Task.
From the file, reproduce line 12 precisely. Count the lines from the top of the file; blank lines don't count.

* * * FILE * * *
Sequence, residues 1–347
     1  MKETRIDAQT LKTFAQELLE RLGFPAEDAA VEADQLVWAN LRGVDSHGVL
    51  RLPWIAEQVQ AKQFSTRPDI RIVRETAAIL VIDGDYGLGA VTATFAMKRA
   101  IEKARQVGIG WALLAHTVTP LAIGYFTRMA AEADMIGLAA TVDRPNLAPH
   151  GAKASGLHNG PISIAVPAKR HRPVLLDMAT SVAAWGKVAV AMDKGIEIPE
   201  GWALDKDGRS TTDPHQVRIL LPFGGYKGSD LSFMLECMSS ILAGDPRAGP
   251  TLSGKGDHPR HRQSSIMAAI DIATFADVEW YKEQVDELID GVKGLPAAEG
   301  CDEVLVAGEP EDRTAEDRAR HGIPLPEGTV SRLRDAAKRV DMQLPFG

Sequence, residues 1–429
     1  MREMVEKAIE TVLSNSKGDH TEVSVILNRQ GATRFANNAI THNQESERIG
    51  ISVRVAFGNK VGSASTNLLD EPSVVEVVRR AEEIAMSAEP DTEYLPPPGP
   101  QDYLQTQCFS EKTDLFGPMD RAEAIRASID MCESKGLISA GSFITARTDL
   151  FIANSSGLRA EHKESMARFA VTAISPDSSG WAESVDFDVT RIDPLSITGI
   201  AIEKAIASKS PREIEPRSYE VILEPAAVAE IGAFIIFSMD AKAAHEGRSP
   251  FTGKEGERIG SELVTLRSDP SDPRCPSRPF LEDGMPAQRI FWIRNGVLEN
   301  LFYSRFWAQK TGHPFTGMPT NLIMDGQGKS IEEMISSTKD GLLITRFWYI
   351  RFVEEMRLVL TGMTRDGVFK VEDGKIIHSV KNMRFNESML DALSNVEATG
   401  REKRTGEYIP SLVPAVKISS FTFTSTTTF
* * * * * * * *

   101  QDYLQTQCFS EKTDLFGPMD RAEAIRASID MCESKGLISA GSFITARTDL